SF Giants’ latest call-up is another former top prospect, childhood fan

Peninsula Premier Admin

SAN FRANCISCO — A pattern is developing among the lottery tickets the Giants are adding to their roster this September. They might be former top prospects, like Lewis Brinson, or local products and childhood fans, such as Scott Alexander and (since DFA’d) Andrew Knapp.

Luis Ortiz, a burly, 26-year-old right-hander who became their latest addition before Wednesday afternoon’s series finale against the Dodgers, checks both boxes. Growing up outside Fresno, Ortiz watched up-and-coming Tim Lincecum and Matt Cain pass through San Francisco’s Single-A affiliate before growing into enough of a pitching prospect himself to become a first-round draft pick in 2014.

With a depleted bullpen after using five relievers Tuesday night and facing down a double-header on Thursday, the Giants called up Ortiz, who said it was a “dream come true,” especially being thrust into the Dodgers rivalry.

“Central Valley, so either you’re a Giants fan or a Dodgers fan,” a smiling Ortiz said. “I grew up watching this team, the Giants, and always wanted to play for them as a kid.”

Ortiz, who hasn’t allowed a run at Triple-A Sacramento since June (23 consecutive scoreless innings), got word of his promotion at about 11:30 Tuesday night, he said. About 12 hours later, he was walking into the visitors clubhouse here.

“He’s been an excellent strike thrower recently, actually for most of his career,” said manager Gabe Kapler, adding that Ortiz was here to help lighten the load on the bullpen this week. “Not a guy who’s going to come in and overpower anybody, but we really respect the ability to get in the zone and stay in the zone around here.”

Ortiz’s 1.7 walks per nine innings was the best among all River Cats pitchers, a group that includes more well-regarded prospects such as Sean Hjelle, Tristan Beck, Cole Waites and R.J. Dabovich. However, it was Ortiz who got the first call.

“We were thinking about several non roster options for today,” Kapler said. “I’ll speak for myself, I value strikes over everything else. … I don’t think when we signed Luis Ortiz as a minor-league free agent that he was at the top, top of the list of who was going to make an impact for us this season. He’s just gone to Triple-A and been a good performer for us.”

Ortiz credited his recent success at Triple-A to a change in mindset (“thinking positively, because this game is all negative”) and playing only two hours up I-5 from his family after spending most of his career further east. But he also started throwing more sinkers to complement his slider and curveball.

“The biggest thing for me was just attacking hitters,” Ortiz said.

And because seemingly everyone is within five degrees of separation from Farhan Zaidi, Ortiz was greeted by familiar faces in the Giants clubhouse.

Ortiz, a first-round pick in 2014, was traded from Texas to Milwaukee alongside Lewis Brinson in the 2016 deal for Jonathan Lucroy. When Milwaukee traded Brinson to Miami two years later, Isan Diaz was also included in the package for Christian Yelich.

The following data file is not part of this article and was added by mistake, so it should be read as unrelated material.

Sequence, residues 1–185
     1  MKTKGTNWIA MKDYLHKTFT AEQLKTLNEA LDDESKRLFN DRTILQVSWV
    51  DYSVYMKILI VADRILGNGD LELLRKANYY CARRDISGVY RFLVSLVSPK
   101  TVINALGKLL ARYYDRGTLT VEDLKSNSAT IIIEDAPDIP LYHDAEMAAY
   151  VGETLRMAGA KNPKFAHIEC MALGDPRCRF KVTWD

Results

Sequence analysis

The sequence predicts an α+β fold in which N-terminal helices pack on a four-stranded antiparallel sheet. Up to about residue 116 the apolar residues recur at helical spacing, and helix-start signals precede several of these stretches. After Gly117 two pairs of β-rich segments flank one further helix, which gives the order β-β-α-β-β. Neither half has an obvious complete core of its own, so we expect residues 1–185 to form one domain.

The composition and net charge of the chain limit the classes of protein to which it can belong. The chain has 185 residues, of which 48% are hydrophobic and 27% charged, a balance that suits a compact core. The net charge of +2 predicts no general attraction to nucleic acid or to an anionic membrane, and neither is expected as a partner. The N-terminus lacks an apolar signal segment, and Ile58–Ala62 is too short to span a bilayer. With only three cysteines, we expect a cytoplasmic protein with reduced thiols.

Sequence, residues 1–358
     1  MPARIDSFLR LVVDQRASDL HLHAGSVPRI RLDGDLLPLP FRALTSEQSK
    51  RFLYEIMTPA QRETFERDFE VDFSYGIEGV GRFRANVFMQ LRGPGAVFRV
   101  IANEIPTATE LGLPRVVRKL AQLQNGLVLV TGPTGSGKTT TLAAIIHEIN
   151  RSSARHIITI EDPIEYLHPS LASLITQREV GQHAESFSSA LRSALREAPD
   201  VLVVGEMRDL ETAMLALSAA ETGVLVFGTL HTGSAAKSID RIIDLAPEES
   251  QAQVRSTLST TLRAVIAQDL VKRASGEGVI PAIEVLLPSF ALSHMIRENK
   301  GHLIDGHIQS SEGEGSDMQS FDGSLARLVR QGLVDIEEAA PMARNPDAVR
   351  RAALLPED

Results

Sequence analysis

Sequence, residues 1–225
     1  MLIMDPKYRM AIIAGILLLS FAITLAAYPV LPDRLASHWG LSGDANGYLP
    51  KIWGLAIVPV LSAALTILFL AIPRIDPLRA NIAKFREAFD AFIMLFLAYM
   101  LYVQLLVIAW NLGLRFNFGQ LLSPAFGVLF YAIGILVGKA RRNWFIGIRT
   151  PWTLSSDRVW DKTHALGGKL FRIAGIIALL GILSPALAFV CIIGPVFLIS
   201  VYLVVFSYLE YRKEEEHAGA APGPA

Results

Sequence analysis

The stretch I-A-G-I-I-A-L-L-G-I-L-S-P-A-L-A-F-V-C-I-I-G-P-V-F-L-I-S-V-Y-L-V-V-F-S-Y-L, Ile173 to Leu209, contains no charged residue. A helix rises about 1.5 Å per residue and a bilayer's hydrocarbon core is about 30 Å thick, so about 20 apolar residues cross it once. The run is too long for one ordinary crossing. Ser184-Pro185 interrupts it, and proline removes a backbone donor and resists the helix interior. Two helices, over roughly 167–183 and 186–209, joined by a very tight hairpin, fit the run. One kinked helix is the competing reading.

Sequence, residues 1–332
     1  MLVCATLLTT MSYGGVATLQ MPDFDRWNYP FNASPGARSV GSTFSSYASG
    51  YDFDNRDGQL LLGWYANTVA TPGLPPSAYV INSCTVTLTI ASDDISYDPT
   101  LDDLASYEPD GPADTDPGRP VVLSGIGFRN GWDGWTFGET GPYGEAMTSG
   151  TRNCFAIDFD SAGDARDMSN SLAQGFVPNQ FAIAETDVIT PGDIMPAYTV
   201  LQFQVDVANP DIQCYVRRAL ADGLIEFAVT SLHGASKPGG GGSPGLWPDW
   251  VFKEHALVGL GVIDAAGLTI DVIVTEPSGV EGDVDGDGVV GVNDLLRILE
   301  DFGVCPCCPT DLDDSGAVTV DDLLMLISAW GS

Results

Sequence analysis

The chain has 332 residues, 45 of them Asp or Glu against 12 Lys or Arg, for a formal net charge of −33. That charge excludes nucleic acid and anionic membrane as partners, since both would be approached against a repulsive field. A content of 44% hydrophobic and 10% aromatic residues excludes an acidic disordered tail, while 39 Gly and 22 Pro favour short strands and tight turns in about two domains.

All three one-time top prospects have entered the Giants organization this season, and the only reason they aren’t all on the major-league roster is an oblique injury Diaz suffered last month.

In the visitors clubhouse Wednesday, Brinson gave a big hug to Ortiz, whose locker was set up next to his.

“The more positive evaluations you have, the more conviction you have in putting the player out there on the mound,” Kapler said of the collection of former top prospects the Giants have amassed via minor trades and waiver wire pickups.

Growing up in the Central Valley, Ortiz only made it to then-AT&T Park once. But he burnished his diehard Giants fan membership card while listing off his favorite players. Ortiz enjoyed watching Lincecum, Cain, the usual suspects.

But also…

“Todd Linden,” Ortiz said, even naming the part-time outfielder before Lincecum or Cain.

And that one game he attended? It was a memorable one.

Ortiz was sitting about 15 rows up down the first base line on Oct. 16, 2014, when Travis Ishikawa hit one of the most famous home runs in franchise history, a three-run walk-off that clinched the NLCS over St. Louis.

“I just remember him hitting the home run,” Ortiz said. “The place went crazy.”

Notable

  • The Giants announced that Jakob Junis will start Game 1 of Thursday’s double-header in Milwaukee, though Kapler said the only guarantee is that Junis takes down “the bulk of the innings” in one of the two games. Corbin Burnes is slated to start the first game for Milwaukee. In an effort to lighten the marathon travel schedule, Junis flew ahead of the team.
  • While the Giants have not yet announced who will be their 29th player for the double-header, Kapler named Sean Hjelle as one of a few options they are considering. Hjelle, who has a 4.92 ERA in 22 starts with Sacramento, would be able to cover multiple innings.

Contributed by local news sources

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